In fact, we have so far to go, from anti-discrimination law to basic tolerance in public spaces to people actually being informed about atheists. We are fighting institutional discrimination, prejudice and bigotry stemming from institutional racism and white supremacy, homophobia and heteronormativity, sexism and male dominance, anti-atheist and agnostic bigotry and Christian hegemony, anti-immigrant and anti-global attitudes and American hegemony, and classism and the dominance of the rich. Notice how, in each case, I listed not just the group that was being targeted but the group that was being elevated. Every time someone says “This is a Christian nation”, it is yet another rhetorical assertion of a dominance that they have come to expect and yet have no right to expect and have not earned because such an endeavor would be impossible. The sacrifices of Christians who came before gives no modern Christian a single claim to institutional supremacy. Their majority status does not either.
Even within the realm of language, we’re not just making individual words taboo. When someone says “Blacks have lower IQ”, they are repeating an essentialist, racist, bigoted, stereotypical notion of people of color as if they’re in a spreadsheet. Even when there is some evidence supporting it, that evidence is never deployed honestly or consistently. And many times, such evidence is just outright false and dishonest. We are fighting people’s racist, sexist, homophobic and xenophobic ideas of other human beings, arguing that other human beings are on average just as competent, decent, intelligent and kind as they are. And those biases are used to justify present inequities. The logic, even when it isn’t stated out loud, goes, “Well, black people are criminals anyways, so why bother feeding their children?” or “Well, blacks are more likely to commit a homicide anyways, so why bother getting lead off the walls?” Once again, we can’t separate language and cognition from political ideas. Martin Gilens, and researchers working in his vein, have repeatedly found that racist biases are massively deterministic of whether one is willing to support policies like welfare. Policy issues in America are racialized and sexualized. Masculine identity is part of militaristic policies, which in turn influences debates like gays and women in the military.
The second issue is that, even insofar as we’re rectifying language, this is what societies do.
No society within the history of the planet has ever said that all language is equally appropriate in public parlance.

Most societies had very strong rules about what one could say in public. Honor codes, rules about courtesy that governed not just what hand one shook with (often as part of an effort to avoid contamination and the spread of germs even before people knew about the modern germ theory), kosher rules… the idea that there are certain things one does not say and do is common to history. Two of the Ten Commandments concern speech: Not taking the Lord’s name in vain, and honoring one’s mother and father.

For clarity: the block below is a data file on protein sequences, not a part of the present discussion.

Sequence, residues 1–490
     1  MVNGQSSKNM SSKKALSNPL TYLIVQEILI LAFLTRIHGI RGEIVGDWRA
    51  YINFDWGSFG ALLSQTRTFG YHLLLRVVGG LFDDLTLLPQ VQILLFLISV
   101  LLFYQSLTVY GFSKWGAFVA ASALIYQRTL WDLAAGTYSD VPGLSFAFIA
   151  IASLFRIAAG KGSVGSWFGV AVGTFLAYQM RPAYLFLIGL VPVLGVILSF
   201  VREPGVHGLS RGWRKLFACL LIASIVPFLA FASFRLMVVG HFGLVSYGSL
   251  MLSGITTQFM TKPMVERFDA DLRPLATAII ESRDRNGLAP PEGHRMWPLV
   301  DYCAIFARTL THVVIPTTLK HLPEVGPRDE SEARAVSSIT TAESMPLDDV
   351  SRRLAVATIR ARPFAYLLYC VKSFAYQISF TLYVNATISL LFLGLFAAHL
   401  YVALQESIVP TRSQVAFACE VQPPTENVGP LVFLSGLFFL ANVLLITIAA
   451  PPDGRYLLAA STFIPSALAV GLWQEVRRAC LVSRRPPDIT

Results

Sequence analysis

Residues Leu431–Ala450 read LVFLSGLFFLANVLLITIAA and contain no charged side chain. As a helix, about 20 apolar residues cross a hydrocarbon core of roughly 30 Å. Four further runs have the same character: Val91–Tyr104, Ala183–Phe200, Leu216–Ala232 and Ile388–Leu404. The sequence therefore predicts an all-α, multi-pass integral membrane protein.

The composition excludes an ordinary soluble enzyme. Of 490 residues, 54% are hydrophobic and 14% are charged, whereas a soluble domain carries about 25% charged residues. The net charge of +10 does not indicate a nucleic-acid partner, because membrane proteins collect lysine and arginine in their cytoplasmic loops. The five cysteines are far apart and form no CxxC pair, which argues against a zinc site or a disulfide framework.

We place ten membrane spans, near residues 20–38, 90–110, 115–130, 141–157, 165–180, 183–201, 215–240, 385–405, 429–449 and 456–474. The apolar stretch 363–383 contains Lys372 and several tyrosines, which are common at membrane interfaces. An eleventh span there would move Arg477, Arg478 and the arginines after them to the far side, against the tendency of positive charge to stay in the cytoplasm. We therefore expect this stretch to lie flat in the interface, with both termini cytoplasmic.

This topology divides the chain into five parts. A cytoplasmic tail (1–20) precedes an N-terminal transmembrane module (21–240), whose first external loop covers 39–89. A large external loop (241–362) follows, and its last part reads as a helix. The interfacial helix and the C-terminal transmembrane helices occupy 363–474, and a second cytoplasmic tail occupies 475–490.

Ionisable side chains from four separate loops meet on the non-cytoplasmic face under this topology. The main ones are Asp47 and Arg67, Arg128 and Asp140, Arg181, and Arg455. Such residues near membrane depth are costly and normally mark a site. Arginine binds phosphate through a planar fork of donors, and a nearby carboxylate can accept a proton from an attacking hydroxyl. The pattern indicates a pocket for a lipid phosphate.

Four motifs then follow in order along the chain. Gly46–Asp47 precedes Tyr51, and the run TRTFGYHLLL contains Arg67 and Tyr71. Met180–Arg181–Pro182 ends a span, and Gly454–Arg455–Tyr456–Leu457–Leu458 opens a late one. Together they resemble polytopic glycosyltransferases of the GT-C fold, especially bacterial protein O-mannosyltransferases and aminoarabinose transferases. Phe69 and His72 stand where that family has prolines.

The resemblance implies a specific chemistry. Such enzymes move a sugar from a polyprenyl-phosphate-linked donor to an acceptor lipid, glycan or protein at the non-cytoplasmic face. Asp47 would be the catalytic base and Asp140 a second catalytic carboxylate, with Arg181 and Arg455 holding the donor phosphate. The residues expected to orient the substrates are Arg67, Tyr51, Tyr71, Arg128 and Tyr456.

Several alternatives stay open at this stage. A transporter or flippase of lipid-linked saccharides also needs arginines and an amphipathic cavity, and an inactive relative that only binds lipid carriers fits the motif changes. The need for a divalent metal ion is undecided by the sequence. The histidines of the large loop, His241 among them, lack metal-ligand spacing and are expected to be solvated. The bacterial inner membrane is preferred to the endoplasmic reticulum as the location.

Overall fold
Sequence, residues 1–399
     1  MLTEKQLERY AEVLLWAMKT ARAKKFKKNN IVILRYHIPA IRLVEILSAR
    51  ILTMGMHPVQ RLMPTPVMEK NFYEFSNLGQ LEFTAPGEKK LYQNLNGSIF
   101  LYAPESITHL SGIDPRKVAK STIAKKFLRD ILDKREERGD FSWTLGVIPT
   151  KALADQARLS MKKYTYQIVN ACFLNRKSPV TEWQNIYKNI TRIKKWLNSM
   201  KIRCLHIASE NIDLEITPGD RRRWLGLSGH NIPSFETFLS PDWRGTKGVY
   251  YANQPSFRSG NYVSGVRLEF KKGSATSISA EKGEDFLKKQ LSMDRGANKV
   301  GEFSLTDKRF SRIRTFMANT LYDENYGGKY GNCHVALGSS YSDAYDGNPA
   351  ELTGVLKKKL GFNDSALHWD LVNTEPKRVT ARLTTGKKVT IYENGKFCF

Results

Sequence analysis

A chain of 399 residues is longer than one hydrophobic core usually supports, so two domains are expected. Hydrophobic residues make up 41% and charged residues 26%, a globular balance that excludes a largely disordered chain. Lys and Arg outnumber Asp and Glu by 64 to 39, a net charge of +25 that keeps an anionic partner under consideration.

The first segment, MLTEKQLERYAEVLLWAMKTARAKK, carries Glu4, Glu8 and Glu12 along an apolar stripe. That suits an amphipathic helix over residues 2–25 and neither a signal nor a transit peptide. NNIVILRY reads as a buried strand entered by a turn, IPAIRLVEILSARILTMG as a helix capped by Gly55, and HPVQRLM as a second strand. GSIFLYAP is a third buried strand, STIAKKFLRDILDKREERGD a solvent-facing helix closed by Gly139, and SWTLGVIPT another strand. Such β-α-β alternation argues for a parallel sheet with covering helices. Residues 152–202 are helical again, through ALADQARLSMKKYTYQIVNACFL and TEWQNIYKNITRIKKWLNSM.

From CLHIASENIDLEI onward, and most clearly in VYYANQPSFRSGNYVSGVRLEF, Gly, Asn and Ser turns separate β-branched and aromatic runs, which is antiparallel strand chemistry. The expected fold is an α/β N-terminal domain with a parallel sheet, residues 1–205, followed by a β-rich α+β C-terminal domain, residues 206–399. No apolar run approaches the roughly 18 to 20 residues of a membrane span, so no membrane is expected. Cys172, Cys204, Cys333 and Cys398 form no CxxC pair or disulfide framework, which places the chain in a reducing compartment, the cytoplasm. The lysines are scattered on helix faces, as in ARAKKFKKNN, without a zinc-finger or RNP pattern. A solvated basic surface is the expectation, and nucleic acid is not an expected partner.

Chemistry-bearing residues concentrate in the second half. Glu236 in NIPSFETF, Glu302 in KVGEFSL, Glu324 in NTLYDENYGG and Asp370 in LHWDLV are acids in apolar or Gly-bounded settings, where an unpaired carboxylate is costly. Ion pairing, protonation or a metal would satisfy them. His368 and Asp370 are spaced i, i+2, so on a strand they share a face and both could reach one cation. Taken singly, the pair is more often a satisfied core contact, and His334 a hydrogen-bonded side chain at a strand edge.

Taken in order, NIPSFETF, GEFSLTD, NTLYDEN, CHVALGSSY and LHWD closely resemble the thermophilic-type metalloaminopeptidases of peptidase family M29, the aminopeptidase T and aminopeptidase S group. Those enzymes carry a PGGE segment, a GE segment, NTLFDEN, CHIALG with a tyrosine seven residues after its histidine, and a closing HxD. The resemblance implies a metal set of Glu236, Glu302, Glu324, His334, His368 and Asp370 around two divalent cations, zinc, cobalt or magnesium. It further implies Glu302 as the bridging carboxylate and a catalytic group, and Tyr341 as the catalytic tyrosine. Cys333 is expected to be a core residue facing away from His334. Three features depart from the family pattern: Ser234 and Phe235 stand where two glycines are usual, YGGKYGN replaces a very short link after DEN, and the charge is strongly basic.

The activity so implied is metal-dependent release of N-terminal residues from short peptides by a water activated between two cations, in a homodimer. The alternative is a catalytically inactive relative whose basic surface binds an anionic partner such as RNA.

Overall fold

One could argue that this was the case of feudal, monarchic and non-democratic societies. But that is emphatically false. Courtesy rules, manners books and so forth still exist. There are numerous 1950s shorts about the proper courtesy and rules for having a family dinner together. These emphatically include ways of talking and not talking: don’t gossip, don’t monopolize speech, don’t put people off their lunch.

What astonishes me so much about this is the political cleavage. Naively, I would have thought that many conservatives, people who are concerned with courtesy and decorum, would naturally and easily come to accept that there are certain ways we should and should not speak as a normative fact. They would come to accept, “Ah, these human beings prefer to be addressed by the opposite gender. How boorish would it be not to accommodate it?” One would think it’d be punk leftists who would spit and say “They’re a dude!”

But of course this is accepting conservative self-image and propaganda. In fact, the right-wing across history, the forces that preserve tradition, have always been perfectly able to be rude, cruel, and decidedly non-courteous. They just pretended otherwise as a thin veneer of civilization.
And challenging the entitlement (not the right but the sense that one should not face consequences) of those used to being afforded unlimited latitude challenges their supremacy. And when their supremacy is challenged, they are willing to get mighty rude.
Now, of course, is there a balance to be struck? Of course. Certain taboos should always be challenged. A transgressive attitude is always healthy at the right time and the right place. If friends are hanging out and talking, and there’s a high degree of trust, then it can be reasonable to say some things one might not say in mixed company. And certainly artists, comedians, etc. need to be granted some leeway to break sacred cows without too much criticism in response.